He said that the President Hadi had made a “direct and clear” appeal for continued Council support and had also urged the body to deal decisively with those forces bent on undermining the transition process.  Indeed, the President had said that “a new Yemen is needed”, one that reflected the aspirations of the young people that occupied the squares.  For its part, the Council members underlined the need for the transition timeline to remain on track, especially as there were several key milestones to be achieved, including passing laws on a system of transitional justice, launching the national dialogue, and setting up a mutual accountability framework to deal with pledged funds.  

He said that in his discussions with the Military Committee, those officials had assessed positively the recent decrees to unify command structures, and had said the focus would be on reforming Ministry of Interior.  The Defence Minister had argued that the Yemeni military did not recruit or use child soldiers and had pledged cooperation fully with other law enforcement agencies.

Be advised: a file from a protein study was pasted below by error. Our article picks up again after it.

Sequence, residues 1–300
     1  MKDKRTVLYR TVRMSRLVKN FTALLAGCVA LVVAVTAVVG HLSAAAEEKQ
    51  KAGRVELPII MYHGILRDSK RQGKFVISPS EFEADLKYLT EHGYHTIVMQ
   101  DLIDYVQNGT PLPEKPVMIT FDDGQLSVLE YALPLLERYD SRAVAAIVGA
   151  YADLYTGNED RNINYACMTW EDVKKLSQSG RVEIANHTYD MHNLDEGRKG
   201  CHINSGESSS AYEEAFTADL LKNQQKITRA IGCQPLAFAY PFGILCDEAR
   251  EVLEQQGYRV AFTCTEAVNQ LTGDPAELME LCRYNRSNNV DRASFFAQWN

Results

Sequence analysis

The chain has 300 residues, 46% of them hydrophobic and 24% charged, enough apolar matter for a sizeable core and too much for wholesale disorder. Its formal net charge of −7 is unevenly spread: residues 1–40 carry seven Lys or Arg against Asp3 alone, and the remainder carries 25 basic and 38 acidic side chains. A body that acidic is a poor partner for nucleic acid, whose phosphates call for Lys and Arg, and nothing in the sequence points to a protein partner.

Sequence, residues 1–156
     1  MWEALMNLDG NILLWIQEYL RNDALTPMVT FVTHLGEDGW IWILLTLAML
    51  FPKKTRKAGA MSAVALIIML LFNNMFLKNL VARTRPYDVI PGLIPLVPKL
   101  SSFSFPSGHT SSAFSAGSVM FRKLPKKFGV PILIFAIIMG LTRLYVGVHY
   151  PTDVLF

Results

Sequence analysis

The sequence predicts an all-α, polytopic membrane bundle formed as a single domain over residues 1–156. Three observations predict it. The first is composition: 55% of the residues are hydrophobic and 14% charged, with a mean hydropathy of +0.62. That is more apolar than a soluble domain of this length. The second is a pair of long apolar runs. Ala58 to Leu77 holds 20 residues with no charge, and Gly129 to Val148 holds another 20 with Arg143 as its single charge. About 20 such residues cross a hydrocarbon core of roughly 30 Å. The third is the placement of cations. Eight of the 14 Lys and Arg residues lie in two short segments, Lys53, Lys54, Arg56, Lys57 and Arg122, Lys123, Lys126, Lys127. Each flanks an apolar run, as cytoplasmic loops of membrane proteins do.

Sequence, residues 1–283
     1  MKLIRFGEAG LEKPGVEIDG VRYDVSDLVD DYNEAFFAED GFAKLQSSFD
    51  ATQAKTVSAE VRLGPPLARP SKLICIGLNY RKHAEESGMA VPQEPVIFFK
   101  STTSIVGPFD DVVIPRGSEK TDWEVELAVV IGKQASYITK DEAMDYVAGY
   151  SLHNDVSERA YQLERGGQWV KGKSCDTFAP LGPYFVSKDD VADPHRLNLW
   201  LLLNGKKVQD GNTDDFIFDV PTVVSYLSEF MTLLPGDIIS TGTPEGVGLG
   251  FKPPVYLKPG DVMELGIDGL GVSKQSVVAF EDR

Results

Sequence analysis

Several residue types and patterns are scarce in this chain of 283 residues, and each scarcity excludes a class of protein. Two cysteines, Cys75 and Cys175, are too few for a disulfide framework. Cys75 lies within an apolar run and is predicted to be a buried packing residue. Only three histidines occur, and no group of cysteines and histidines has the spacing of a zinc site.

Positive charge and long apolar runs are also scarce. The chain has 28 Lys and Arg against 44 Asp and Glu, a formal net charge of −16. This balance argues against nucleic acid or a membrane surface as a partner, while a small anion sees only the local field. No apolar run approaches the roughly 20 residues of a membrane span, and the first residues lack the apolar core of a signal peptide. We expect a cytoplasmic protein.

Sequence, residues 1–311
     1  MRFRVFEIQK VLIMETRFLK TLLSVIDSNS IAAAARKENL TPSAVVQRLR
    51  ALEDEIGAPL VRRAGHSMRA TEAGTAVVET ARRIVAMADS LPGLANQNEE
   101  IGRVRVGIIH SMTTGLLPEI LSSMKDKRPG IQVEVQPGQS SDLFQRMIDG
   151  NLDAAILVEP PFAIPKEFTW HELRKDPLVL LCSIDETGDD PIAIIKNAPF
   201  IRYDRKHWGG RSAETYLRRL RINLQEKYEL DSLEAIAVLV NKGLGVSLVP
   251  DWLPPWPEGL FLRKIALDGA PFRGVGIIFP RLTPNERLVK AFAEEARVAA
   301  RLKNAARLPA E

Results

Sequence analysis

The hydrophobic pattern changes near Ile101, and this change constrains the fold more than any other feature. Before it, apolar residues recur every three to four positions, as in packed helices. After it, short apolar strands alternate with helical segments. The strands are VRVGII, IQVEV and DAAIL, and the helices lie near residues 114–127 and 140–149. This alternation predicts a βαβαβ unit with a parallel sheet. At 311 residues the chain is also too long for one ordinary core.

The United Nations country team had briefed the Council members on the troubling humanitarian situation, reporting that half of Yemen’s population of 24 million was without access to clean water and sanitation; 10 million people were in need of food aid; 6 million needed access to health care; 1 million children had no support; 6 million young people between the ages of 15 and 28 were unemployed.